Prerequisites: EPIB-633 or permission of instructor

May 12 to 15
Monday to Thursday
09h00 to 17h00
Purvis Hall, RM 25

Academic Credits: 2

EPIB-633 PE I: Introduction to Pharmacoepidemiology - CLASS FULL

linda [dot] levesque [at] queensu [dot] ca (Dr. L. Lévesque)

This course is designed to introduce concepts and principles of pharmacoepidemiology in the context of drug evaluation and therapeutic decision-making. Topics to be covered include history of pharmacoepidemiology, choice of study design, sources of bias and their prevention and control, the importance of prescribing and drug taking behaviours, sources and use of exposure and outcome data, assessing causality, and measures of association. Examples will be drawn from published phar­macoepidemiologic studies. Special topics will include principles of clinical pharmacology relevant to pharmacoepidemiology and approaches to pharmacovigilance. Participants will have an opportunity to design and critique a study that addresses a current therapeutic controversy.

May 5 to 9
Monday to Friday
09h00 to 17h00
Purvis Hall, RM 25

Academic Credits: 2

EPIB-643 Clinical Trials
Substantive Epidemiology 3

tkoutsavlis [at] shire [dot] com (Dr. T. Koutsavlis)

This course is designed to provide an overview of issues and approaches to the design and analysis of randomized clinical trials. Topics to be considered include specification of a primary question, adherence to ethical guidelines, reasons for and means of implementing randomization, consideration of design alternatives, sample size determination, subject recruitment, analytic strategies and trial reporting. The course provides an alternative to students who are unable to pursue a more in depth treatment of clinical trials provided in the 3 credit course offered during the regular academic year.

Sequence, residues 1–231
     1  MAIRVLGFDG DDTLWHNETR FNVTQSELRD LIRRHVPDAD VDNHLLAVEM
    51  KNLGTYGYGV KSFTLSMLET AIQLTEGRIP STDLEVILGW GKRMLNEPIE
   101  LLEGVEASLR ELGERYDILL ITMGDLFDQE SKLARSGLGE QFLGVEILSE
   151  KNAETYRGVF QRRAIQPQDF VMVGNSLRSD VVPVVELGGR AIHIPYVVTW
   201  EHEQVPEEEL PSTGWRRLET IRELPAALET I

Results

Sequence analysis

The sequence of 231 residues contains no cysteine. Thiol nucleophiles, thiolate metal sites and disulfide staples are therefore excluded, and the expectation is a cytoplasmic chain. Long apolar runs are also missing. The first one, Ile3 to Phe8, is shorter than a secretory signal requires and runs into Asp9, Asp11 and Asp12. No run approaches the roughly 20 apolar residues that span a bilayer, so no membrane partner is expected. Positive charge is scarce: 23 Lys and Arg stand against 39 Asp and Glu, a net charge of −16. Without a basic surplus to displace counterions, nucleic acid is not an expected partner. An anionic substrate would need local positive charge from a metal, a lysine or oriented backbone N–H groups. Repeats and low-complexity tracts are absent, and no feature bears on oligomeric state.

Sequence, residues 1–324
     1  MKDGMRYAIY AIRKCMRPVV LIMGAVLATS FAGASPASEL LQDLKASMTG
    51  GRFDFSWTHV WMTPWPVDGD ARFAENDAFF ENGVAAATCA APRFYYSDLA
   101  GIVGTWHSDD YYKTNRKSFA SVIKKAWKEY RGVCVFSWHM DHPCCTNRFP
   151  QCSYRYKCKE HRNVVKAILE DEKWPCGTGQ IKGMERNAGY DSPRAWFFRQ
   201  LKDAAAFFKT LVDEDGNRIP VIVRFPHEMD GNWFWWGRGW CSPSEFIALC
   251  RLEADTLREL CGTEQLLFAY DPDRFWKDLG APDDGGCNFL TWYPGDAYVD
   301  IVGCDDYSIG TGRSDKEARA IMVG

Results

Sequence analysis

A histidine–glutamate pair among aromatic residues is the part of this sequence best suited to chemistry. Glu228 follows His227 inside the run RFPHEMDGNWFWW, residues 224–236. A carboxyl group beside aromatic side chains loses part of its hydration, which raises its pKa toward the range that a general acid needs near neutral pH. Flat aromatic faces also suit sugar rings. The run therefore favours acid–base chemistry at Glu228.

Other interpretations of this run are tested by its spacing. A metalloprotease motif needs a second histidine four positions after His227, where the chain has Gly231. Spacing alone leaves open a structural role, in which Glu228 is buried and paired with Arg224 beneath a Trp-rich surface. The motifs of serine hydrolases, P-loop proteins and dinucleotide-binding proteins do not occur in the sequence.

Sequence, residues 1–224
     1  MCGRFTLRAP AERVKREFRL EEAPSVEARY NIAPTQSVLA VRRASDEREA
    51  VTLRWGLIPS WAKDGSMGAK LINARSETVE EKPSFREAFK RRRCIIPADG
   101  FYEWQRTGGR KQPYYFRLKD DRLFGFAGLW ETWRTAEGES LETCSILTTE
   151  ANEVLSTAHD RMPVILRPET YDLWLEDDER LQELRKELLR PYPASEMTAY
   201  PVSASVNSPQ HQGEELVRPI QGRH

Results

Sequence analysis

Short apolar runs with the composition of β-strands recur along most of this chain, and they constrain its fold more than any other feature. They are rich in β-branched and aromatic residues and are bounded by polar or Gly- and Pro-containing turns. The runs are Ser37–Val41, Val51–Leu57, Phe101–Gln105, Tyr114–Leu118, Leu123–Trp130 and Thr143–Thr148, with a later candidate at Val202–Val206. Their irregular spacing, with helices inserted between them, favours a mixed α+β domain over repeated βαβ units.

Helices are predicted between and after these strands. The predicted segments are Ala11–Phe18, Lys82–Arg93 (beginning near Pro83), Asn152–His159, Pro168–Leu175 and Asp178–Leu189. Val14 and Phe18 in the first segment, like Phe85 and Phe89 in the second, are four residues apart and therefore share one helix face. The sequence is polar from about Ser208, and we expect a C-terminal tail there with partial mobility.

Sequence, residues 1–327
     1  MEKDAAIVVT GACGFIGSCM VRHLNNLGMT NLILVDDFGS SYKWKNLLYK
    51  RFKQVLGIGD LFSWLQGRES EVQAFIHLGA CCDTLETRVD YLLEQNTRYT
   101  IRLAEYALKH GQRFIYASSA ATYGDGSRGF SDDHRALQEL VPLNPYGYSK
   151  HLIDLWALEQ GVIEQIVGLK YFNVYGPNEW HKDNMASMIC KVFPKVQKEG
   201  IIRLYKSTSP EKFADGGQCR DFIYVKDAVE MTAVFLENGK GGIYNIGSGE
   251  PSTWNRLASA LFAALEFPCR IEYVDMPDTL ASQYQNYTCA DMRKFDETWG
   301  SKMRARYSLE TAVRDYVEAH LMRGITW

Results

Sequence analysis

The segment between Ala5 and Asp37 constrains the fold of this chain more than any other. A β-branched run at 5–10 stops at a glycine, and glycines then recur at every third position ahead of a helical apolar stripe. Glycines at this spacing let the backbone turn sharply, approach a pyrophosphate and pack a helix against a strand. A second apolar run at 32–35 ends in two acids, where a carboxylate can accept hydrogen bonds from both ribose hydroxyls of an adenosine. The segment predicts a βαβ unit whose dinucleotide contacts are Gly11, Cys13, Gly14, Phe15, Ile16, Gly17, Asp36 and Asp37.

May 8 to 29
Thursday
13h00 to 16h15
Purvis Hall, RM 48

Academic Credit: 1

EPIB-645 Introduction to Health Informatics - NEW COURSE
Substantive Epidemiology 5

christian [dot] rochefort [at] mcgill [dot] ca (Dr. C. Rochefort)

This course provides a broad introduction to health informatics, the field concerned with the application of information and communication technologies (ICT) for the acquisition, storage, management, and use of information in health care. The course provides an overview of current developments in health informatics in Canada and abroad, discusses issues and challenges associated with this emerging field, and covers various underlying themes, including proper use of information technology, appropriate data entry, data privacy concerns, decision support, evidence-based medicine, electronic health record, among others. Ethical issues related to information management will also be introduced.

Pre-requisites: This course is offered to graduate students, and practicing healthcare providers. Participants are not expected to have extensive knowledge of health informatics or computer science. Knowledge of healthcare and of the health care system would be an asset.